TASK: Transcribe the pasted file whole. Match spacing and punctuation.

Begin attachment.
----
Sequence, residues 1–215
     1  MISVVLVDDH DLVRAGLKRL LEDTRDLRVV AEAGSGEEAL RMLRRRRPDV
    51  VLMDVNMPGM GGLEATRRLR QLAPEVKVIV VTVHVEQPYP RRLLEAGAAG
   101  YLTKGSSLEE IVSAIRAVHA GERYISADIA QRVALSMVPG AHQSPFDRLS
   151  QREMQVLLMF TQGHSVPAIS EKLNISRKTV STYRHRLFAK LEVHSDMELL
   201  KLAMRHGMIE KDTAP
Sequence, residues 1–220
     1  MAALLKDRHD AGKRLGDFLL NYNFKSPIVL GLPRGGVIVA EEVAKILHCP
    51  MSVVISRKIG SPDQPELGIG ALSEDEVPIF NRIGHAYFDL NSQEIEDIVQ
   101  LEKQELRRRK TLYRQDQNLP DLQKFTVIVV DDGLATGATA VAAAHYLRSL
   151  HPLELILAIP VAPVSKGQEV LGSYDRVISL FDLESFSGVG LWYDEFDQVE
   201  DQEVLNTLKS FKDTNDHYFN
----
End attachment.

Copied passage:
Sequence, residues 1–215
     1  MISVVLVDDH DLVRAGLKRL LEDTRDLRVV AEAGSGEEAL RMLRRRRPDV
    51  VLMDVNMPGM GGLEATRRLR QLAPEVKVIV VTVHVEQPYP RRLLEAGAAG
   101  YLTKGSSLEE IVSAIRAVHA GERYISADIA QRVALSMVPG AHQSPFDRLS
   151  QREMQVLLMF TQGHSVPAIS EKLNISRKTV STYRHRLFAK LEVHSDMELL
   201  KLAMRHGMIE KDTAP
Sequence, residues 1–220
     1  MAALLKDRHD AGKRLGDFLL NYNFKSPIVL GLPRGGVIVA EEVAKILHCP
    51  MSVVISRKIG SPDQPELGIG ALSEDEVPIF NRIGHAYFDL NSQEIEDIVQ
   101  LEKQELRRRK TLYRQDQNLP DLQKFTVIVV DDGLATGATA VAAAHYLRSL
   151  HPLELILAIP VAPVSKGQEV LGSYDRVISL FDLESFSGVG LWYDEFDQVE
   201  DQEVLNTLKS FKDTNDHYFN